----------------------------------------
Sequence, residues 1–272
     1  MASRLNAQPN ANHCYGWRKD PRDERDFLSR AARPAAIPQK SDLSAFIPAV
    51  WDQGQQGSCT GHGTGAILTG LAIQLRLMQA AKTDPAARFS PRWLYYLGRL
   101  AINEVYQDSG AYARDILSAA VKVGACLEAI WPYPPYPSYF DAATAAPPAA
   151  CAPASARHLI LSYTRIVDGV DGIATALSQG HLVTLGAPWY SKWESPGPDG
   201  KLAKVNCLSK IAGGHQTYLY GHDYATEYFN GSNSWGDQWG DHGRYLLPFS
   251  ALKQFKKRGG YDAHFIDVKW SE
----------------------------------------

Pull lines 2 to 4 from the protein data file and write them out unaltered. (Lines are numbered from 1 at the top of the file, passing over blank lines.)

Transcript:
     1  MASRLNAQPN ANHCYGWRKD PRDERDFLSR AARPAAIPQK SDLSAFIPAV
    51  WDQGQQGSCT GHGTGAILTG LAIQLRLMQA AKTDPAARFS PRWLYYLGRL
   101  AINEVYQDSG AYARDILSAA VKVGACLEAI WPYPPYPSYF DAATAAPPAA